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I have ~5 years of experience. This offer is from a big hospital with a well integrated PA practice, in a moderate cost-of-living area. - Salary 125K. - 12 hour shifts with 1:3 weekends and 1:4 nights. Required to work 2 federal holidays per year. Shift differential amounts to ~5K per year by my calculation. - 403b with 2% match. - Pension (!) vested at 3 years of service. - Health insurance 80/20 until out of pocket max. Vision and dental through reimbursement account that is pretty generously funded, IMO. FSA and dependent care accounts available. - 22 days PTO, includes sick time. - 4K dedicated CME funds, plus 5 days CME time separate from PTO. Unclear about malpractice coverage. I'm pretty pleased with the offer since it's a step up from my current salary and the benefits seem good but I would welcome outside perspectives. This is the first time I've ever come across someplace still offering a pension, so I don't know how to look at that. The way the nights and weekends are structured seems like a lot of work but I don't know if it's worth arguing about with the salary being what it is. I was also told that a lot of the PAs in the group prefer weekends and nights and are often wanting to trade for them (no guarantees, of course).
Hello, I'm a new PA on my first job as a hospital PA. I have been working for approx 4 months and recently went through a work performance evaluation. In summary, I received a poor evaluation and was marked as "unsatisfactory/neds improvement" in a few key areas about 2 weeks ago. A few to mention: procedural skills, clinical knowledge, and relaying pt history to next shift PA's (also known as signout). I am so distraught and surprised at this evaluation (I performed well in PA school, on my boards, and did well on my rotations) and would like some advice on how to rectify these inadequacies. I did not go through a hospital rotation, and do feel like my lack in expertise may be partially related to this drawback. I work for a good and fair hospital, although the training was inadequate in my opinion (particularly in mgmt of acute issues which was also highlighted as a weakness on my eval). Of note, I have been praised by others for my efficiency and hard working nature, but was too distraught to vocalize these examples. Is it worth it to do so? I'm afraid of the worst, but still have strong hope I can reverse these issues. I am due for another meeting in approx 2-3 months, I was told. Again, looking for some guidance on how I can professionally show my team that I am working to improve while also showing positive outcomes? I have no experience or knowledge in mgmt of being in such a predicament. So far, I'm trying to be more proactive about doing some procedures (mainly blood draws), taking ample to review pt chart to ensure that relaying pt info to day team is precise (apparently someone complained that I was giving incorrect, and vague details), and I met with one senior team member once to review a clinical scenario that was troubling for me. Regularly taking time to review subject material... Anyone? Thanks. Please feel free to send a PM if you'd like.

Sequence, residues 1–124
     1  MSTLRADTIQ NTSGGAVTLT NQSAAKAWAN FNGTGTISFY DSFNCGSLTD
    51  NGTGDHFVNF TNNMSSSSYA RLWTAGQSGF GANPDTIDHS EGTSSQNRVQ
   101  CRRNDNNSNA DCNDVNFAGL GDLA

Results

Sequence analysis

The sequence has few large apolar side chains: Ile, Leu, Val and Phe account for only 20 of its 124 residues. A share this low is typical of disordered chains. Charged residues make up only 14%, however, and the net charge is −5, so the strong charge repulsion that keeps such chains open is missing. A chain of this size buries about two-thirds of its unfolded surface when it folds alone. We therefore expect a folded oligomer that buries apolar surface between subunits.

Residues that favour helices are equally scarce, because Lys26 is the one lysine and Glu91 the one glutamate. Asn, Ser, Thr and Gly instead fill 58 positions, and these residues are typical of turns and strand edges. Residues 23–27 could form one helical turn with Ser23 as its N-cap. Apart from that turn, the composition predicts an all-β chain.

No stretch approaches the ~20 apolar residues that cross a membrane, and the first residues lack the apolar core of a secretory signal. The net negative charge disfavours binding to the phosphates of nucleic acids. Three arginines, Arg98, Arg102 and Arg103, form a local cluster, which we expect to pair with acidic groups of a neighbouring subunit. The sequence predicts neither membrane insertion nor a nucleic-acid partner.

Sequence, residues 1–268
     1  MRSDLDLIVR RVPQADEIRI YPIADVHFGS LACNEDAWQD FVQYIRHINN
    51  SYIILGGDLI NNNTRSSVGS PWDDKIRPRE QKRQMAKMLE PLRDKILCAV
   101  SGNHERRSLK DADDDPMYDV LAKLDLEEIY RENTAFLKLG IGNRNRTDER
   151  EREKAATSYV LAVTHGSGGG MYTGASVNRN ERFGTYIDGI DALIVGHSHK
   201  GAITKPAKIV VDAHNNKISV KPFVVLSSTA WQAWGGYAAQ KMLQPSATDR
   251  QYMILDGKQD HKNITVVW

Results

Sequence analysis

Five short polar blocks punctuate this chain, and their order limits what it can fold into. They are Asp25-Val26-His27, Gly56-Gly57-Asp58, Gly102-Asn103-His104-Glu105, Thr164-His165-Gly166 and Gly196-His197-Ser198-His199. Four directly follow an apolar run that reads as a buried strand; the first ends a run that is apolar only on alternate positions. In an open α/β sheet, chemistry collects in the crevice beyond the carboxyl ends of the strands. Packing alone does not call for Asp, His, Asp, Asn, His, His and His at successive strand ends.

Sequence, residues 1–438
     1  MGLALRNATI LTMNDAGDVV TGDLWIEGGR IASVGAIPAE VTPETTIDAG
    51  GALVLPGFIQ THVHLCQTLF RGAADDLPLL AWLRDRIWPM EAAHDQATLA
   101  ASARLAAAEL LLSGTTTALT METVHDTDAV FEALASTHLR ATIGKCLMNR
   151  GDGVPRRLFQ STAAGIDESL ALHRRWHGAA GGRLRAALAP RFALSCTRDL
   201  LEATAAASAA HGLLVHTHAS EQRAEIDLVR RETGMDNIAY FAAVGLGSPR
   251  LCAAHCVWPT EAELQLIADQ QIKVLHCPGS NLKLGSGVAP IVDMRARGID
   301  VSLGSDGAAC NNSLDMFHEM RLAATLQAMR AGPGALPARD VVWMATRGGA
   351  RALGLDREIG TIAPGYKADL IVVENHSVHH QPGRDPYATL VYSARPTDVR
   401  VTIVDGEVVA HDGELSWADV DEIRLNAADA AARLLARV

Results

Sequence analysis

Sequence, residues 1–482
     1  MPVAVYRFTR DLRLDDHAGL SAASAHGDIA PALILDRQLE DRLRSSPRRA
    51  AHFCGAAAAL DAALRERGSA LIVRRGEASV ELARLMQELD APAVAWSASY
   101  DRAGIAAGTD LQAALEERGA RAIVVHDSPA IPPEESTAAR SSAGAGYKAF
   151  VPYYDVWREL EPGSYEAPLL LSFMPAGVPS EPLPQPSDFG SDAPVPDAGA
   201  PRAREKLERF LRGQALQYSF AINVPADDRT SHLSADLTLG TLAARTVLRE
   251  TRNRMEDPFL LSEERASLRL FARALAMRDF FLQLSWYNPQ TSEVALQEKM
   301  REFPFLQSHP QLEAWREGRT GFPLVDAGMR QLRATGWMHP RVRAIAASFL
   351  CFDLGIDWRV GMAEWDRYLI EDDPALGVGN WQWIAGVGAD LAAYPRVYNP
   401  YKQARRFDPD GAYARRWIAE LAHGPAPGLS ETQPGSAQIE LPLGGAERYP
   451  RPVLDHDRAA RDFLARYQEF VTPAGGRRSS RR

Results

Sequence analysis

WOW! The University of Missouri PA Fellowship Programs are exploding! We just got the ok to double the number of Hospitalist Fellows. This means we will have a total of 4 PA Fellows and will allow us to stagger the start dates. We have filled one position and have one opening remaining that will begin ASAP. Two more positions to begin in January! http://medicine.missouri.edu/imed/pa-hospitalist-fellowship.html